Does a child’s inability to write clearly and legibly indicate that he or she doesn’t have the hand-eye coordination or fine motor skills necessary to do so? Is that alone reason to teach, practice, and require legible print and cursive writing? There are, of course, other reasons, but those aren’t the focus of these questions.
It’s hard to believe another school year is behind us.
I want to come back to this.
I really need to get back to this (for Shannon).
For as much as I say I love to be outdoors, I don’t spend nearly enough time out there! Yesterday was a treat, though: a new trail (new for me, anyway).
I spent some time on the Land Trust’s Wildflower Trail near Monte Santo. The trail isn’t a long one, but it follows a bedrock creek bed for it’s entire length…awesome! The creek was mostly dry (to the dismay of the diminishing tadpole population), so we (J.T.) and I were able to walk most of it instead of being on the trail.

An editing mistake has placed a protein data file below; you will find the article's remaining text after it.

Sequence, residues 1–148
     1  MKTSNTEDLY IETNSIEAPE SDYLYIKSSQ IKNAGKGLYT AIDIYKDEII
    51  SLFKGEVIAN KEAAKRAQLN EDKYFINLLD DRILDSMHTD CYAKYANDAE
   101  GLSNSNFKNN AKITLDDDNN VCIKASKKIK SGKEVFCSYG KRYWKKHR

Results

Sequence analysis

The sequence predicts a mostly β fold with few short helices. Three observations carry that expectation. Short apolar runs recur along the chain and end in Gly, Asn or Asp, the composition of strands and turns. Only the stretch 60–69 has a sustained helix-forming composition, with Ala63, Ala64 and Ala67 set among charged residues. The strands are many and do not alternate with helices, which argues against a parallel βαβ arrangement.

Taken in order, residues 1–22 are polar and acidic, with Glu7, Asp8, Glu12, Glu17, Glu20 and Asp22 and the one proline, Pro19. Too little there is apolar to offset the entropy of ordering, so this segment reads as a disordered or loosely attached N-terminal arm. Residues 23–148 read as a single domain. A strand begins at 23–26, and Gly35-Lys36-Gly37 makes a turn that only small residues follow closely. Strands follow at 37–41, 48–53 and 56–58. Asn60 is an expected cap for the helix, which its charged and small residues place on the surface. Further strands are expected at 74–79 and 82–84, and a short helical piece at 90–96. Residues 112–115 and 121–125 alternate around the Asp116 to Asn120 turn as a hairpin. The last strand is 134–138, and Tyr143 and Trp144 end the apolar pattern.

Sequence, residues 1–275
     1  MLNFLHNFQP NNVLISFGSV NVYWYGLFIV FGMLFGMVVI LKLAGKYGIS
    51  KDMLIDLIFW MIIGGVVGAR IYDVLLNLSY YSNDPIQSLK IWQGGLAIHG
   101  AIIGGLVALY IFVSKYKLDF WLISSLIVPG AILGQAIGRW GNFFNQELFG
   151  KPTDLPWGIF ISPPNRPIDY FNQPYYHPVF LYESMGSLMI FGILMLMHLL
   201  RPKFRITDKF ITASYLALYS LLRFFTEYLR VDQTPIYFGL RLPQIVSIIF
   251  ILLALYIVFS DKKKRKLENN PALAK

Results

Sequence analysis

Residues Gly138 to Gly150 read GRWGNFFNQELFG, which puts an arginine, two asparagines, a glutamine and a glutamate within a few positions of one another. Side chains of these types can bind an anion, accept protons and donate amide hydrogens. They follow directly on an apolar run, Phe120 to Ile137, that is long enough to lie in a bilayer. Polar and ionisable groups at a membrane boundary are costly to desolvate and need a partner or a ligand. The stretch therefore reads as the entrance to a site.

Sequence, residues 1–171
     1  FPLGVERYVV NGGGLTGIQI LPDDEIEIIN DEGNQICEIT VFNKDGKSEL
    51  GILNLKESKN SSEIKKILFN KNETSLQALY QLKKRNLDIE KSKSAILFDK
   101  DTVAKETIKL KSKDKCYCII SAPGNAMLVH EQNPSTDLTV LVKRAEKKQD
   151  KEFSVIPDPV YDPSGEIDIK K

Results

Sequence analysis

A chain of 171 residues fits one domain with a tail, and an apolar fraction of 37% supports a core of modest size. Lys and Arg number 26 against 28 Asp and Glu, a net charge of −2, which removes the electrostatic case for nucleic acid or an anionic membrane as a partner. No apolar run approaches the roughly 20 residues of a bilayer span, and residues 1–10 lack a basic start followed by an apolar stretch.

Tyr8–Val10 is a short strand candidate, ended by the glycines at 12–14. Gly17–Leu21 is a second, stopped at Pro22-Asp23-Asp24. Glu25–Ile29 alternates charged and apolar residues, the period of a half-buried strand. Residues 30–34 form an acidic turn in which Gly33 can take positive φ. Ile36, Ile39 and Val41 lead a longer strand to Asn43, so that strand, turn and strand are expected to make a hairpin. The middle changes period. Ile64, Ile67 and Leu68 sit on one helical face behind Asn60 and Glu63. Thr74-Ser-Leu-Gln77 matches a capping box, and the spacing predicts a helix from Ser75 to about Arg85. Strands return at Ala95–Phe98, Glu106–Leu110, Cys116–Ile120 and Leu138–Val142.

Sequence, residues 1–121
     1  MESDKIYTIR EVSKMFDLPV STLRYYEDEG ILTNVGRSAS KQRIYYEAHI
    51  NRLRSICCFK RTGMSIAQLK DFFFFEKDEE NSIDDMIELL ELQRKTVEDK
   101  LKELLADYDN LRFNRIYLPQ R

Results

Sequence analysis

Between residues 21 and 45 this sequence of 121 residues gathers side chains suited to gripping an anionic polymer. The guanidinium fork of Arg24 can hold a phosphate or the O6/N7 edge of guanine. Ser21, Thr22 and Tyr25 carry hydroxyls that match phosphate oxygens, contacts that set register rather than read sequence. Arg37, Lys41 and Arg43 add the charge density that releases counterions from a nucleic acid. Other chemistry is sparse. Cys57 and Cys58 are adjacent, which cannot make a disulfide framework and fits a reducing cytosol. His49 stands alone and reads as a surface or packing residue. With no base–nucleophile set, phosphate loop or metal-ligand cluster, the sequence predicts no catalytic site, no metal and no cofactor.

We were putting together a scavenger hunt for the upcoming “Tuesdays on the Trail” event series. More on that later, I’m sure!
I’m so bummed that I stumbled upon this article today instead of a week ago. I just had a discussion with someone about homework, but for the life of me I can’t remember who!
Anyway, this is a research summary worth checking out. Why do I like it? Because it agrees with what I think, that’s why!
Homework Research and Policy: A Review of the Literature
It’s been a good year in a lot of ways, and next year is going to be even better.
Thus the blog at 4:00 in the morning.
Teachers as Historians grant
Grand Canyon University work
Finishing a bookshelf
Fillling a bookshelf
What to think about next?
I need to get back to this article. It’s frustrating, but my thoughts on just why it’s so aren’t fully developed. I’ll get back to it, maybe.
Here’s a site that looks like it’s worth following up on: http://www.classroomearth.org/
…and an article from the NYT: http://www.nytimes.com/2010/12/09/garden/09Bees.html